Sever’s Disease Treatment With John Gallucci
Sever’s Disease is painful but usually not long-lasting — and due to inflammation in the heel but can be a real problem for youth soccer players. Here is information from John Gallucci:
As a youth soccer player reaches his or her teenage years, growing pains require parents to have an in-depth understanding of how to address certain setbacks. Sever’s disease is a common condition that youth players encounter while spending extensive time on the pitch.
Here are tips on monitoring the disease from John Gallucci Jr., MLS Medical Coordinator and medical analyst for coverage of the 2015 FIFA Women’s World Cup 2015.
Soccer News: Sever’s disease is a common cause of heel pain in growing kids, especially those who are very active. This condition typically arises during the pubescent years when growth spurts are occurring; between the ages of 8 and 13 for girls, and 10 and 15 for boys. During these years, adolescents are experiencing rapid growth with immature bone transforming into fully matured bone. Sever’s disease rarely occurs in older teenagers because the growth plate in the heel typically hardens by age 15.
What is it?
Sever’s disease, also known as calcaneal apophysitis, is a painful bone disorder resulting from inflammation or swelling in the calcaneal epiphyseal plate, or growth plate, in the heel. A growth plate is an area of growing tissue at the end of a maturing bone. Over time, cartilage cells change into bone cells and the growth plates expand and join together, which is how bones grow.
How does it happen?
During a growth spurt, the heel bone can grow faster than the leg muscles and tendons around it. This causes the muscles and tendons, especially the Achilles tendon, to become very tight and to pull directly on the growth plate in the calcaneus, or heel bone.
Over time, repeated stress can damage the growth plate, causing the swelling, tenderness and pain of Sever’s disease.
Though Sever’s disease can occur in any growing child, certain conditions, such as flat or high arches, short leg syndrome, where one leg is shorter than the other, and childhood obesity may increase the chances of its development.
Signs and Symptoms of Sever’s Disease
The symptoms of Sever’s disease are seen most often in the running athlete (which of course includes soccer). Complaints most often include heel pain, tightness, swelling and sometimes bruising. The pain will increase with running and jumping activities, and may be exacerbated with a tight sneaker or cleat.
Treatment of Sever’s Disease
The initial goal in the treatment of Sever’s disease is pain relief through a decrease in inflammation.
The best way to accomplish this is with the RICE protocol: Rest, Ice, Compression and Elevation.
- Rest: Remove the stress. This means take a break from, change, or altogether stop any activity that increases pain or soreness.
- Ice: Icing at the heel is best done with an ice cup for approximately 15 minutes, 3-4 times per day. To make an ice cup: freeze water in a Dixie cup, peel away the excess paper and use the cup to massage the area.
- Compression: Wrap the injured area with an elastic bandage to aide in limiting inflammation.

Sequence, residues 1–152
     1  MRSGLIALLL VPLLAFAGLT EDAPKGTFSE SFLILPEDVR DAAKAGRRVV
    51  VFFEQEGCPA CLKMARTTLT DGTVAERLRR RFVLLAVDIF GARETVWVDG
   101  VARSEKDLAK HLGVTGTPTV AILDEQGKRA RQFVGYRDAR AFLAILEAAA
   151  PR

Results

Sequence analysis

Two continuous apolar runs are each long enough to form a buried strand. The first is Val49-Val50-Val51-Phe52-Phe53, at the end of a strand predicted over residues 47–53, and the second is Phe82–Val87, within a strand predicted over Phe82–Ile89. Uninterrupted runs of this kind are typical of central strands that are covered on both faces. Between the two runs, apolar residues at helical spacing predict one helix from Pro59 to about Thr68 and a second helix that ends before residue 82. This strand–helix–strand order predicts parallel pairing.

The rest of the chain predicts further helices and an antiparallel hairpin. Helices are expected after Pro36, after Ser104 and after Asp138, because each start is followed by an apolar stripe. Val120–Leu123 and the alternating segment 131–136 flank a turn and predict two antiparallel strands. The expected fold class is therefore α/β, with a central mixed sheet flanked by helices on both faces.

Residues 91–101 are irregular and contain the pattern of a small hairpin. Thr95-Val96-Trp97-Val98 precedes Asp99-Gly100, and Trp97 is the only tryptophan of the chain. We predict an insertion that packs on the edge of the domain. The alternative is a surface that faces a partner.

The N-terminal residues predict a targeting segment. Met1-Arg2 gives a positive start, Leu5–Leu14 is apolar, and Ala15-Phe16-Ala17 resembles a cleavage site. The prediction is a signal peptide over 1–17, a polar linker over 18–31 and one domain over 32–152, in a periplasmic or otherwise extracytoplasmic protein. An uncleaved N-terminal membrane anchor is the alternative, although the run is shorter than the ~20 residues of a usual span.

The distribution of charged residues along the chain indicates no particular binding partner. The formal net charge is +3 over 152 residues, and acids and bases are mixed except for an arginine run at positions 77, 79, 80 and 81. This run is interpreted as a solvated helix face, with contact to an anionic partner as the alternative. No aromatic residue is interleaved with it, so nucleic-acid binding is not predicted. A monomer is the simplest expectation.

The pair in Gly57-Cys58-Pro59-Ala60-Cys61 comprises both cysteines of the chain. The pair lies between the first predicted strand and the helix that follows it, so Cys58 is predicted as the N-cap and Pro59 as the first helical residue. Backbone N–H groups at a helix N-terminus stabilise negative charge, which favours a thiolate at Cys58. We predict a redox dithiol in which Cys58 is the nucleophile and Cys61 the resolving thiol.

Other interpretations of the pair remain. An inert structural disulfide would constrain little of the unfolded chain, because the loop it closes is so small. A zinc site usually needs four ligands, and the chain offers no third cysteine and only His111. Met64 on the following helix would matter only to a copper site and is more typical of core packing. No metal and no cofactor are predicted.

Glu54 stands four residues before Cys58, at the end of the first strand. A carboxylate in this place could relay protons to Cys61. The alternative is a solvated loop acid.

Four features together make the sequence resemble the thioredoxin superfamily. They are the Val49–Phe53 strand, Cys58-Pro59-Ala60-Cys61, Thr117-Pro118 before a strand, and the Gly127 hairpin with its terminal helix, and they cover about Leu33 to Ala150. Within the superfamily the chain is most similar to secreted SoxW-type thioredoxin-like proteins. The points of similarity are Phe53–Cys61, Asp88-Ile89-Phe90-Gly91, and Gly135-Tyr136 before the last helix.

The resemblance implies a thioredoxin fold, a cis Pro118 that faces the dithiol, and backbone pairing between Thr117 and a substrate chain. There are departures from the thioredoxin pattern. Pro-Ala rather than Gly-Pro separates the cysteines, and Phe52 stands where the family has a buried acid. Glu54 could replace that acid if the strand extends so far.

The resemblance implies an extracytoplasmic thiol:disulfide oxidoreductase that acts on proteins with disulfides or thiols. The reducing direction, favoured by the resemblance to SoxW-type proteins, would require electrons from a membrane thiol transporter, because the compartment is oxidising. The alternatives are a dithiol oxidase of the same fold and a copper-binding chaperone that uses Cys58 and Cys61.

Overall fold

- Elevation: use pillows to elevate the injured area while sitting or lying down. Gravity will help to pull the inflammation back towards the core of the body.
Once pain and swelling have minimized, a flexibility program for the Achilles tendon should be started to limit the tension being placed on the growth plate.
The goal is to increase the elasticity of the calf muscles and associated tendons that insert at the calcaneus.
We also need to remember to not neglect the foot! Elasticity within the plantar fascia (or tissue underneath the foot) can also be helpful in decreasing the symptoms of Sever’s disease.
Simple stretching, by pulling the toes toward the head is beneficial. Deep-tissue massage is even better and can be done by rolling the foot on a tennis or lacrosse ball to break up any adhesions.
This same method can and should be done at the calf muscles.
We cannot not stop a growth spurt from occurring, however, should symptoms arise, they must simply be treated appropriately with rest and modified activity. Rest is most important in the resolution of Sever’s disease, so stress on the heel bone can be relieved.
Athletes will often have to sit out for a period of time to allow the pain and swelling to subside.
Once the athlete can walk without pain, a protocol designed by a certified athletic trainer or physical therapist will be implemented to improve the strength and flexibility of the foot and Achilles’ Tendon.
As the rehabilitation progresses, the certified athletic trainer or physical therapist will begin functional and sport-specific activities to physically prepare the athlete for a partial return to sport.
In the beginning of this stage, the athlete can participate at a 50-75% of their normal soccer workload and will progress from there as pain allows. For this athlete, it should be noted that low-impact soccer drills and skills are better than more stressful long runs.
For more information in regards to this topic, please be sure to check Soccer Injury Prevention and Treatment: A Guide to Optimal Performance for Players, Parents, and Coaches written by John Gallucci Jr., MS, ATC, PT, DPT.
John Gallucci’s book is available on Amazon on his JAG Physical Therapy site.
RELATED ARTICLES: John Gallucci Jr. On What Coaches Need To Know, Soccer Players: Risk of Tendonitis; Soccer Players: Groin Injuries – Don’t Come Back Too Soon